(US/China - 2018)
Directed by Peter Berg. Written by Lea Carpenter. Cast: Mark Wahlberg, Lauren Cohan, Iko Uwais, John Malkovich, Ronda Rousey, Terry Kinney, Carlo Alban, Sam Medina, Natasha Goubskaya, Chae Rin Lee, Emily Skeggs, Keith Arthur Bolden, Poorna Jagannathan, Peter Berg, Nikolai Nikolaeff, Sean Avery, David Garelik. (R, 93 mins)
A fictional offshoot of actor-turned-director Peter Berg's "Mark Wahlberg: American Hero" trilogy, MILE 22 sees the duo hitting rock bottom and serves as irrefutable proof that whatever potential Berg might've had is gone and he's totally regressing as a filmmaker. LONE SURVIVOR was prone to military cliches but was a solid, well-acted film overall, and the underappreciated DEEPWATER HORIZON was even better, probably because it didn't paint Wahlberg as the sole hero and gave a lot of screen time to Kurt Russell and other actors, making it more of an ensemble piece. PATRIOTS DAY, Wahlberg/Berg's laughably simplistic take on the Boston Marathon bombing, which placed Wahlberg's completely fictional everyman cop as a tough-talking Johnny On-the-Spot who's magically at the center of all the action, even barking orders at FBI guys and government officials who hold off on making their next move until they consult with him, was a huge stumble, and MILE 22 finds the pair suffocating on the toxic fumes of their alpha male bullshit. This film is atrocious on nearly every level, from its confused plot to its quick-cut action sequences, which are over-edited to the point of sheer incoherence, to Berg functioning as less of a director and more of an enabler who's derelict in his duties, doing nothing to rein in his star, who turns in one of the most embarrassingly self-indulgent performances in recent memory. It's Mark Wahlberg imploding into bad self-parody by doing a ludicrously amped-up impression of "Mark Wahlberg," and that's long before another character actually says "Say hi to your mother for me." Imagine Jason Bourne as a loud, loathsome, motor-mouthed asshole and you'll get an idea of how insufferably grating an over-the-top Wahlberg is here. When John Malkovich yells "Stop monologuing, you bipolar fuck," one gets the impression that the line was unscripted.
GAUNTLET as Silva and his team, which includes Alice (Lauren Cohan as Milla Jovovich) and Sam (Ronda Rousey), have to safeguard and escort Li on a 22-mile trip across the city to the airport, all the while evading corrupt local cops charged with taking them out.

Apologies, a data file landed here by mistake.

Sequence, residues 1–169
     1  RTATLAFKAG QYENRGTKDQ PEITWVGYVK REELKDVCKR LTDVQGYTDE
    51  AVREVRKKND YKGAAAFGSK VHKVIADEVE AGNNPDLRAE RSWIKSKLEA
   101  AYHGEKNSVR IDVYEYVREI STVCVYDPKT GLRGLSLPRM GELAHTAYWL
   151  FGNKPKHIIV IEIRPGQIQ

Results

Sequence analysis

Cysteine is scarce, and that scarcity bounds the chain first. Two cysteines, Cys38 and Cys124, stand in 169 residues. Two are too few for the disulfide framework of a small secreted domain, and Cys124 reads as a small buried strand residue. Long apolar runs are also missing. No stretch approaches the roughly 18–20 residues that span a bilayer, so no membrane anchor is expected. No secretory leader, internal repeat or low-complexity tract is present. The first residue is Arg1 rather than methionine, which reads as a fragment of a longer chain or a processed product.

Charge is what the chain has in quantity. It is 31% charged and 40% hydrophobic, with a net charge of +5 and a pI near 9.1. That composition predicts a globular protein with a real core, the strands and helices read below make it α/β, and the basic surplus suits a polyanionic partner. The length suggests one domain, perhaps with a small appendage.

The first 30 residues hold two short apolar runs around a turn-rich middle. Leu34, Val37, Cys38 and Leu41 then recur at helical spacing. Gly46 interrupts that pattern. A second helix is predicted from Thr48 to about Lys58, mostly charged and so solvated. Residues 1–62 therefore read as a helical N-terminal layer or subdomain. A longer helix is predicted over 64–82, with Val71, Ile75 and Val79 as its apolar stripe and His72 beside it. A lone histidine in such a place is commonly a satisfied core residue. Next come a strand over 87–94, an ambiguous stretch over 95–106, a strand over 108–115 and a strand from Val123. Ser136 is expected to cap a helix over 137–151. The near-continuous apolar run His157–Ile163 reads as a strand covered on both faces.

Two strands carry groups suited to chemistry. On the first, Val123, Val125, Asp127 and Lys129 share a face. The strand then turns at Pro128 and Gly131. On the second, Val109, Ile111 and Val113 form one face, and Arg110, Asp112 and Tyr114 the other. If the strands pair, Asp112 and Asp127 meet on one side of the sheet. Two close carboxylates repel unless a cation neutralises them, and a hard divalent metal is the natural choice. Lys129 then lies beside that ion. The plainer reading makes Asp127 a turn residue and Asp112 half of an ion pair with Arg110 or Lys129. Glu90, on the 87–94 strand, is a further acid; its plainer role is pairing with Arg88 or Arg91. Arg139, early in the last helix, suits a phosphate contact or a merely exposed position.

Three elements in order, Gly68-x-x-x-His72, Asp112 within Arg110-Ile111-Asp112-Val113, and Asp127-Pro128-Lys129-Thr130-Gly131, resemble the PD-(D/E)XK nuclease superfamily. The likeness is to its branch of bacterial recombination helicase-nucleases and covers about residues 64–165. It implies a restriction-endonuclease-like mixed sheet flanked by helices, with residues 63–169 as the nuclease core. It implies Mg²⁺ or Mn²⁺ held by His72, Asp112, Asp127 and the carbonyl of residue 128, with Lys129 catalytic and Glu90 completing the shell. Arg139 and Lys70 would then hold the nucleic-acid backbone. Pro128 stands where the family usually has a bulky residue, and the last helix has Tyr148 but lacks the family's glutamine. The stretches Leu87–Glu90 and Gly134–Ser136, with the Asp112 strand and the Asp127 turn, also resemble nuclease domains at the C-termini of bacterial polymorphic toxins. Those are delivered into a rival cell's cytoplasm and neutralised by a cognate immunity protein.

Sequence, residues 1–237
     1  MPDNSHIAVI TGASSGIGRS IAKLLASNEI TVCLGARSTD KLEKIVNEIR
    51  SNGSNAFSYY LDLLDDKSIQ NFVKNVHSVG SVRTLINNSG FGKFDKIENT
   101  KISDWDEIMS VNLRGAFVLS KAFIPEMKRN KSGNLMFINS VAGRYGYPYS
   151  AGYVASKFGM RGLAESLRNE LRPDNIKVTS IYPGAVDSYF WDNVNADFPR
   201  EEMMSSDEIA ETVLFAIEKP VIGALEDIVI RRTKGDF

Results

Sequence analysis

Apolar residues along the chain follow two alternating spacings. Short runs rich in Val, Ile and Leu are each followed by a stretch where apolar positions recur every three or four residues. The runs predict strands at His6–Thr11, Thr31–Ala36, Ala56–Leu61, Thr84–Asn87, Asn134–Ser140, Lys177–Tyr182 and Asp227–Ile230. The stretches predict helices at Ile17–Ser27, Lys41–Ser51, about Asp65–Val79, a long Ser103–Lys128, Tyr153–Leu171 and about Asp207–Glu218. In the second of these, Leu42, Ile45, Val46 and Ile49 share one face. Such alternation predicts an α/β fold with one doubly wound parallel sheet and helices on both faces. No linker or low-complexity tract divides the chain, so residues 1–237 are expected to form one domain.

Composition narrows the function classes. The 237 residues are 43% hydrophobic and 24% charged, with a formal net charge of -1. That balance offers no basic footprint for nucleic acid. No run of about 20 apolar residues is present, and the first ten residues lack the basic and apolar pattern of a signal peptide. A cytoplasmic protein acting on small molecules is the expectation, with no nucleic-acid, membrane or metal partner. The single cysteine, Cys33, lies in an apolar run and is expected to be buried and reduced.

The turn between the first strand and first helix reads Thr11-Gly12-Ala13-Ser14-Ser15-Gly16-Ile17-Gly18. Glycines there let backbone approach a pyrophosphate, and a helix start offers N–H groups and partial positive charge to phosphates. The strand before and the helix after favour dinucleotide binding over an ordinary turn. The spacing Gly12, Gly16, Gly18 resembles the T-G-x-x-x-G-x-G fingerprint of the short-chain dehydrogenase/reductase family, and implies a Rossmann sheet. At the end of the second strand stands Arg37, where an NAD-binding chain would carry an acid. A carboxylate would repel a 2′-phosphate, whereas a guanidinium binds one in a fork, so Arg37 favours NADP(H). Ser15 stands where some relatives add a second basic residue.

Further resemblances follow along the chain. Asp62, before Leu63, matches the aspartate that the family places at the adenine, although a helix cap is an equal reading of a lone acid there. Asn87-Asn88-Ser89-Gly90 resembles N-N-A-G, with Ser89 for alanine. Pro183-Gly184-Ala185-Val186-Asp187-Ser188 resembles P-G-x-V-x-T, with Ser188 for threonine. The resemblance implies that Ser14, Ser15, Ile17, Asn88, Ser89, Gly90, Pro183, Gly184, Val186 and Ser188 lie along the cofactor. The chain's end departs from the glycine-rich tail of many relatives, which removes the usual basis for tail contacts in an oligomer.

THE RAID and its even better sequel THE RAID 2 were perfect showcases for the Indonesian action star, and Berg must be a fan since the last half hour of MILE 22 makes a sudden switch from DIPSHIT GAUNTLET to DIPSHIT RAID, with Silva, Alice, and Li trapped in a high-rise apartment complex as corrupt local cop Axel's (Sam Medina) goons try to corner and kill them. Working from a script by Lea Carpenter that should've been redacted in pre-production, Berg has made this film a loud, headache-inducing mess, with constant shaky-cam, bizarre camera angles, an over-reliance on close-ups, characters screaming at each other for no reason, and Wahlberg allowed to run rampant, unleashed, unchecked, and completely out of control, shouting at everyone and, in his more introspective moments, constantly snapping his wristband as a way of controlling his fury (it never seems to work). There's half-assed attempts at topicality with passing mentions of "collusion" and "Russian election hacking," and at character development with Alice in a custody battle with her ex-husband, an almost instantly-abandoned subplot that seems to exist only to give Berg some brief screen time as the asshole ex. Rousey's character has nothing to do but sit and watch Silva hurl her birthday cupcake across the room in a fit of rage like a toddler who can't find his binky, and Malkovich, sporting a distracting buzzcut wig and sneakers with a suit, tries out a mannered, halting, staccato delivery that suggests Christopher Walken having a stroke. The abrupt ending leaves the door wide open for a sequel, a presumptuous way to end things that's right in line with its abrasive hero's stratospherically-inflated sense of confidence even though almost everyone bites it under his command and he never sees the big plot twist coming. Cohan shows some action potential and Uwais gives it his best shot even though his work is repeatedly sabotaged by his director, but MILE 22 is just torpedoed from the start by Wahlberg in one of the most aggressively off-putting "hero" star turns you'll ever see in a major movie.